Spotify paid podcast subscriptions are coming next week – with creators getting 100% of revenue.
That’s drastically different than the revenue share plan detailed by Apple earlier this week. Apple’s new paid podcast subscription works similar to the Patreon model, where creators can define how they want people to pay for their shows. But it also charges podcast creators $19.99 per year to enable the subscription option and collects 30% of podcast subscription fees for the first year. After the first year, those subscription fees drop down to just 15%.
Spotify is bucking Apple’s model by letting content creators keep 100% of their paid podcast subscriptions’ fees. Spotify doesn’t allow customers to pay for its subscriptions via Apple in-app purchases. So it doesn’t have to worry about potentially splitting payments collected with Apple.
Spotify and Apple are engaged in a heated battle over the App Store and the 30% ‘Apple Tax.’ At an anti-trust hearing yesterday, Spotify’s legal counsel called Apple’s control over the App Store an ‘abusive power grab’ to control competitors. Spotify has also lodged a formal complaint with the European Union over Apple’s practices, alleging anti-competitive behavior.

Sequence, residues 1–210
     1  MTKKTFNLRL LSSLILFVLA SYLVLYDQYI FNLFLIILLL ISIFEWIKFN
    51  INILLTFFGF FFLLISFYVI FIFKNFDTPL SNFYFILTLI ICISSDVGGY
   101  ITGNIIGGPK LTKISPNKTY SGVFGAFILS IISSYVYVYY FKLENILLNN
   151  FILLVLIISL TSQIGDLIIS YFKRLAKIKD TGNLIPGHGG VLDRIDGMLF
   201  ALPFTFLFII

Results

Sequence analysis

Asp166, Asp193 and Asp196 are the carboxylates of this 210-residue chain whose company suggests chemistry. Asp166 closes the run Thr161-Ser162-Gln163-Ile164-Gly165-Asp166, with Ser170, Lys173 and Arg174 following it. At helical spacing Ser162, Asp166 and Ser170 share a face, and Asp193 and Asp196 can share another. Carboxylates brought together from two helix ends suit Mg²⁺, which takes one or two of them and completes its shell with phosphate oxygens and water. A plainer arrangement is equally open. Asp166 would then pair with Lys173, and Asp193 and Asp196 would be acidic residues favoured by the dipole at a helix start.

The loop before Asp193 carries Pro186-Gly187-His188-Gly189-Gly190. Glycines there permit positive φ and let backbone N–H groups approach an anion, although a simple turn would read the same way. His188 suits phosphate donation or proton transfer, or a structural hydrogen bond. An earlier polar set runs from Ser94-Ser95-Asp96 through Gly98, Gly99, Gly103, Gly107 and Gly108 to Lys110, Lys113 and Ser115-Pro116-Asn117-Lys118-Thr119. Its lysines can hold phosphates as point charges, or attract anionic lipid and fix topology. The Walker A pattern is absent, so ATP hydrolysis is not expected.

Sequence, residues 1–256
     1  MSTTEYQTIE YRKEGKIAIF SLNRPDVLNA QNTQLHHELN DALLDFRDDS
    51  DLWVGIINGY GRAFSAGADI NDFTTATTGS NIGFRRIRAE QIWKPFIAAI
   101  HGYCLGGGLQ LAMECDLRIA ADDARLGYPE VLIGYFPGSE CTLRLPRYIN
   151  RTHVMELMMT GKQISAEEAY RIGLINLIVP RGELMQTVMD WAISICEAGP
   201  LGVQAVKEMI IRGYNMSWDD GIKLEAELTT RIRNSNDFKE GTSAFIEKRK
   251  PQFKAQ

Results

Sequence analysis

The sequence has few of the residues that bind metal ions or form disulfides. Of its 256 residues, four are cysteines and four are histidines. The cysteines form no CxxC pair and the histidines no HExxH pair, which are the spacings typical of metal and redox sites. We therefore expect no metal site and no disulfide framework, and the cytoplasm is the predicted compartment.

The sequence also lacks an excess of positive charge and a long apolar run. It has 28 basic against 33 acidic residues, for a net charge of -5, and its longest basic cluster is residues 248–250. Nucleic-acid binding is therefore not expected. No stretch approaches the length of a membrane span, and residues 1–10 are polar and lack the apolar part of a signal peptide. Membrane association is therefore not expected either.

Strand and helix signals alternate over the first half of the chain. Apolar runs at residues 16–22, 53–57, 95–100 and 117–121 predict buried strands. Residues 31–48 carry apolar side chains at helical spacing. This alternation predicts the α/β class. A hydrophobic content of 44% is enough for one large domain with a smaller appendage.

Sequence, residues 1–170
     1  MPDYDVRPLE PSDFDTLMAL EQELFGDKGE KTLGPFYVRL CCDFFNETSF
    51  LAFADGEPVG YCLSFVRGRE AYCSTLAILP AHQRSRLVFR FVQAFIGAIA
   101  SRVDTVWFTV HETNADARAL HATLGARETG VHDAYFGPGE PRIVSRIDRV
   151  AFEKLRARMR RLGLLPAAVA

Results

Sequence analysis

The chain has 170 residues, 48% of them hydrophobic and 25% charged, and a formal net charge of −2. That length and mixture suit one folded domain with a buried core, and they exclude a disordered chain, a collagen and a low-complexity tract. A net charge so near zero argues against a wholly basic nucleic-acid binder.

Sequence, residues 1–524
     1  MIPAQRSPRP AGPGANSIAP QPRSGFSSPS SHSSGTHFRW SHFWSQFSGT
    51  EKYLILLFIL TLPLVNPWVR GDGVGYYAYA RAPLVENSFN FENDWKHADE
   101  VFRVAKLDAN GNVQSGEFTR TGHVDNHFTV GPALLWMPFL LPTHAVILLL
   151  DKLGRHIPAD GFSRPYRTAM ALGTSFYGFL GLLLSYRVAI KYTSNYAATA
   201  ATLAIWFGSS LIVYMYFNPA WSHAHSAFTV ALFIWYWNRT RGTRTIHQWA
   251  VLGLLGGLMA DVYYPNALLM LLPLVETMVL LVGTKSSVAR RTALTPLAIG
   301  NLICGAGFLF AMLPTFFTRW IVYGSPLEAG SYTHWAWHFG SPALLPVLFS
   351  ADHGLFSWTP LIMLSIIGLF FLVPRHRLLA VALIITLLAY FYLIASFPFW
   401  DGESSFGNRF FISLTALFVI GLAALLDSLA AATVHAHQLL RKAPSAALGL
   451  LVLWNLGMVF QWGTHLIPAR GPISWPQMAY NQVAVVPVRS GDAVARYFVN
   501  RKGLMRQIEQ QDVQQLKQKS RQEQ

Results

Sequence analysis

Digital Music News reported on Spotify paid podcast subscriptions earlier this year. Spotify finally announced they were coming in February during its ‘Stream On’ event. However, details on how the subscription service would work were scarce.
Spotify is hoping that giving creators 100% of the revenue they earn will be more attractive than Apple’s services. Apple’s paid subscription service doesn’t require there to be any exclusivity. So content creators could set up paid subscriptions on both Apple and Spotify for those platform’s users.
But even if everything else is the same, losing 30% of your revenue in the first year and 15% afterward is huge when Spotify takes nothing. That’s especially true in the pandemic era, when creators are increasingly turning to the internet to earn a living. Spotify is hoping being generous with creators will attract more total listeners to its podcast service.
But it’s hard to trust a service like Spotify, which repeatedly refuses to pay music artists more. Spotify can forego its share of revenue to attract podcast creators, but it can’t raise music royalty rates? Something seems really off about what that says to musicians.
Spotify is spending big on podcasts and CFO Paul Vogel says they’re having a strong effect on user growth and retention. But will it always stay that way if the podcast market becomes pay-to-enjoy? Spotify won’t offer this plum deal for podcast creators forever, either.